Navigating a new era in agritourism: persistent drought in West Texas causes corn maze owners to reimagine fall tradition

A group of people walk down a path lined with tall plants. Signs on either side of the maze entrance usher maze-goers inside.

Maze-goers walk through the entrance of the At’l Do Farms maze made up of seven different crops designed to reduce the amount of water required to grow in a drought-stricken West Texas landscape. (Katie Perkins)

Many crisp autumn afternoons have been spent getting lost in corn mazes all over the country, but a drought in the high plains of Texas has prompted one of these mazes to take a new approach to the beloved fall tradition. 

This year, visitors looking for a fun fall activity are in for a surprise when they head to At’l Do Farms, located just outside of Lubbock, Texas, for there will be no corn found. In its place - a maze of multi-species cover crops that contains seven different plants. Sorghum, sunflowers, pearl and foxtail millet, cowpeas, sun hemp and radishes will all work together to reduce water inputs. 

A family affair

A sign at At'l Do Farms depicting each of the seven types of crops used to replace corn in this year's maze.
A sign at the entrance to the maze explains why the maze has a new look. Instead of corn, maze navigators will see seven drought-tolerant crops working together to increase biodiversity and soil health while reducing water consumption. (Katie Perkins)

Eric Simpson was born and raised on the same property that At’l Do Farms still calls home today, and agriculture has been a family affair for generations. Originally, the land was a monoculture system that rotated growing cotton, sorghum and wheat until the mid-’90s. 

When a low period hit, the Simpson family was forced to reevaluate their business. They decided to use the land in a different way and planted their first corn maze in an attempt to bring visitors to the farm and generate a new stream of revenue. 

“It became more and more profitable and in fact, we slowly transitioned out of the production side of agriculture and now we just do the maze and a kind of agritourism type of industry,” Simpson said. 

At’l Do Farms has operated the maze and other fall attractions for 21 years and the farm now welcomes over 50,000 visitors each season.


Slideshow by Katie Perkins

A dry area in drying times

Dubbed the Llano Estacado by early Spanish settlers, this region is an approximately 32,000 square mile plateau situated atop the southern boundary of the Ogallala Aquifer that receives an average of 18 inches of precipitation a year. 

Widespread drought and as little as one-tenth of an inch of rain during the winter of 2021 meant corn had a slim chance of growing to the height necessary to construct the maze. 

“What we could see from last year is it didn’t rain pretty much from September all the way until May,” Simpson said. “Corn, which is a very water-intensive crop, just wasn’t going to cut it. Because of climate conditions, it just didn’t rain, and it forced us to make a better decision.” 

These conditions sent Simpson to the drawing board in order to find a way the maze could still happen while reducing its water consumption footprint. His neighbor uses a traditional pivot irrigation system but Simpson knew he did not want to be reliant on the Ogallala Aquifer.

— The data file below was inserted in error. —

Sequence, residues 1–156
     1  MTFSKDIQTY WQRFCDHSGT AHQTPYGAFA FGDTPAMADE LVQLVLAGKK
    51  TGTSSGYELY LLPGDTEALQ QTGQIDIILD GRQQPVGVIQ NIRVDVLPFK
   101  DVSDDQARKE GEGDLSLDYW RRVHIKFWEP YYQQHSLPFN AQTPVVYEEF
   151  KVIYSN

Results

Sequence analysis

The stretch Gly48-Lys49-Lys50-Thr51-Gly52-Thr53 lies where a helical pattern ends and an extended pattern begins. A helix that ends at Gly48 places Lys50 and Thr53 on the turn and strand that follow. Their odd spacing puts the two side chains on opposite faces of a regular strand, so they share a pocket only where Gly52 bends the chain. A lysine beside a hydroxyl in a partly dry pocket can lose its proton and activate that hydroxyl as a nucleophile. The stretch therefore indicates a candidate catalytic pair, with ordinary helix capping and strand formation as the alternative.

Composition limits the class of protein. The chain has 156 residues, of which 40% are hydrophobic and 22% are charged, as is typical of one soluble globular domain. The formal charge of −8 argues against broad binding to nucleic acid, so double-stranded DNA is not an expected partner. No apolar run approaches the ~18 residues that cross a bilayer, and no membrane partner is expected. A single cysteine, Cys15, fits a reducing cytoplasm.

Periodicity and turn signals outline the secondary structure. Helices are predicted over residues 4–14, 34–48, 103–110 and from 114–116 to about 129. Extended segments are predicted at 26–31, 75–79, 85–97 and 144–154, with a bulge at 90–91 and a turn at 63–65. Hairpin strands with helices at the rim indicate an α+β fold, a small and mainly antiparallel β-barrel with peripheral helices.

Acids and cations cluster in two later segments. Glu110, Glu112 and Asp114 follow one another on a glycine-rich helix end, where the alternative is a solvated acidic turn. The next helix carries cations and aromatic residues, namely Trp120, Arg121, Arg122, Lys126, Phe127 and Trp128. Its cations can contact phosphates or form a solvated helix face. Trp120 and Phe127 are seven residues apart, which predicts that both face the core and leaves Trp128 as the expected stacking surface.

Globally, approximately 70% of groundwater that is drawn out of aquifers is used for crop irrigation. 

“The entire agriculture industry right now is propped up on the Ogallala (Aquifer) as its water resource,” Simpson said. “The Ogallala is depleting at a way faster rate than what is being recharged.” 

The Ogallala Aquifer is a finite resource. In the next 50 years, 70% of the Ogallala Aquifer is estimated to be depleted, with the main withdrawals stemming from the agriculture industry. 

“I think in my lifetime we will see a drastic transition away from agriculture on the Llano Estacado because of a depleting aquifer and extreme climate change,” said Simpson. 

An artist by trade, Simpson never planned on returning to the family farm after graduating from Texas Tech. He found himself back in West Texas after being accepted to an art residency in Lubbock.

“It was at that time that I saw that farming didn’t have to be the way that it’s always been here,” Simpson said. “In the sense that you could make changes about biodiversity, soil health and planting drought-tolerant crops.” 

Forging a new maze

Creating a polycultural farming system like Simpson has done at At’l Do Farms this season has a multitude of benefits for the health of his land. The variety of plants attracts pollinators, reduces erosion, decreases pesticide and herbicide usage, reduces harmful pests, and increases nutrient cycling. 

“Lubbock is notorious for being a little bit behind the times, but I think that’s OK,” Simpson said. “It gives us young folks the opportunity to see what other folks are doing in other parts of the country and jump in.”

Simpson and his family are forging new paths in the agriculture industry and he believes they can spark change amongst his peers in the agritourism industry. Change towards a more sustainable future. 

“To my knowledge, we are the first ones to do a multispecies crop for a maze,” Simpson said. “I think we are showing people throughout the country the options for doing types of things like this.” 

Looking toward the future, Simpson says he definitely wants to continue planting non-traditional crops for the annual maze, building healthy soil and working with the land — not against it. 

“As long as we can continue to make little baby steps towards alternative and more drought tolerant and resistant practices, that’s what we are going to do to keep the farm alive," Simpson said.

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